Waleed Aly has suggested that Australia to replace the monarchy with an Indigenous elder as head of state, saying the change could capture the nation’s “unique and charming” character.

The Project co-host outlined his suggestion in a lengthy segment on Thursday night’s show, three days after Queen Elizabeth II’s funeral and on the same day as Australians enjoyed a public holiday to mourn her.

Aly noted that swapping the monarchy for a president wouldn’t be the same, and that installing an Indigenous elder as head of state would draw on Australia’s existing traditions and ceremonies.

“An Australian President doesn’t offer the sense of constancy, history or ritual we’ll be replacing,” Aly said.

“If we’re going to do this, we need to draw on our own sources of tradition, ceremony and spirituality.

“In short, monarchy becomes a kind of foil to government. It works specifically because it’s undemocratic and imposes relatively little on citizens.

“It’s powerful precisely because it has no real power. The Queen was loved because she was so frequently silent, so often a blank canvas.”

He added that the pomp and ceremony associated with the royals could also continue, though it would be in a different way.

“One of the great things about some indigenous ceremonies like Welcome to Country, is they’re often informal,” Aly continued.

“This extraordinary mix of ceremony and informality capture something unique and charming about the Australian character.

“We could even call our elder Uncle or Aunty and when our Aunty dies, deep rituals of mourning would already exist, ready for us to embrace as a nation.”

Acknowledging that the office would be “racially closed”, Aly added that the monarchy was essentially the same since it is “always going to be white” and Catholics are prevented from becoming king or queen.

“It’s also undemocratic which replicates precisely one of the monarchy’s virtues,” Aly said.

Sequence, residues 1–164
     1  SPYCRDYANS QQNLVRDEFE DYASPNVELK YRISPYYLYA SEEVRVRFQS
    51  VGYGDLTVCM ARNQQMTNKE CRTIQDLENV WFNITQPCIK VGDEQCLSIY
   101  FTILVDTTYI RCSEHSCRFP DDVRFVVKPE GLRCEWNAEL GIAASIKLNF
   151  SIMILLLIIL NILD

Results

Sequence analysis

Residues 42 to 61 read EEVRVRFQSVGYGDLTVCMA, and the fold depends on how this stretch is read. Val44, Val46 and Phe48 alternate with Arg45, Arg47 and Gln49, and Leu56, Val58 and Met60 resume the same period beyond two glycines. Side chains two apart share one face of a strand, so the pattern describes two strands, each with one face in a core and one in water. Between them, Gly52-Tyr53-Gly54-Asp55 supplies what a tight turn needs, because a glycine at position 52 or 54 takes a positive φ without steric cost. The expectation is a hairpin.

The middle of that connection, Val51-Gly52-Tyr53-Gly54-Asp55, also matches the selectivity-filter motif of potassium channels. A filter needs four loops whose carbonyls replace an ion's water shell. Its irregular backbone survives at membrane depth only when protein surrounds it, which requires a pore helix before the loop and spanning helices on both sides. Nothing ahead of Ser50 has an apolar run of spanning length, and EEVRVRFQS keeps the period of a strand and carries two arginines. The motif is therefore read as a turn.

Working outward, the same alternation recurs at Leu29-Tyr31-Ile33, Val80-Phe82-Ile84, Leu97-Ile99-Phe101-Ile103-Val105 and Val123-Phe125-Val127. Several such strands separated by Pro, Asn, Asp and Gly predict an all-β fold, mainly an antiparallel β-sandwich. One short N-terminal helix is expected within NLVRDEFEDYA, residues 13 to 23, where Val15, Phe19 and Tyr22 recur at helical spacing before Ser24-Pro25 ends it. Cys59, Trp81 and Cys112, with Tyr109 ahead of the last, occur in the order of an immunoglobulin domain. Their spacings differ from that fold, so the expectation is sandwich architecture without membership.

“Sure, I can see problems. For example, how would the elder be chosen from among the hundreds of First Nations we have? Does it rotate in a predetermined way?

“Our head of state has to be an apolitical figure, confining itself to speaking on areas of mere total agreement. Would the elder face too much pressure to become an activist?

“I admit it’s rough but it captures something of the richness and magic of monarchy while being indisputably ours.”

Co-host Carrie Bickmore disagreed with Aly’s proposal, saying it was “too soon” after Her Majesty’s death to be debating Australia’s future as a republic or constitutional monarchy.

“We’ve had a Queen for 70 years so all the words of dignity and consistency and all that, it’s all about her for a lot of people,” she said.

It comes after the Queen’s death sparked renewed debate over whether Australia, along with other constitutional monarchies around the world, should continue to be attached to the monarchy or vote to become a republic.

Prime Minister Anthony Albanese, who is also a republican, previously said he wouldn’t be holding a referendum to ask Australians to vote on the matter during his term, while Opposition Leader Peter Dutton said he wants the country to continue as a constitutional monarchy.

“We need a King as much as we did a Queen, because we have a stability in our system that served us well and I don’t believe in disrupting that,” he said.

Image: @theprojecttv

This article first appeared on OverSixty.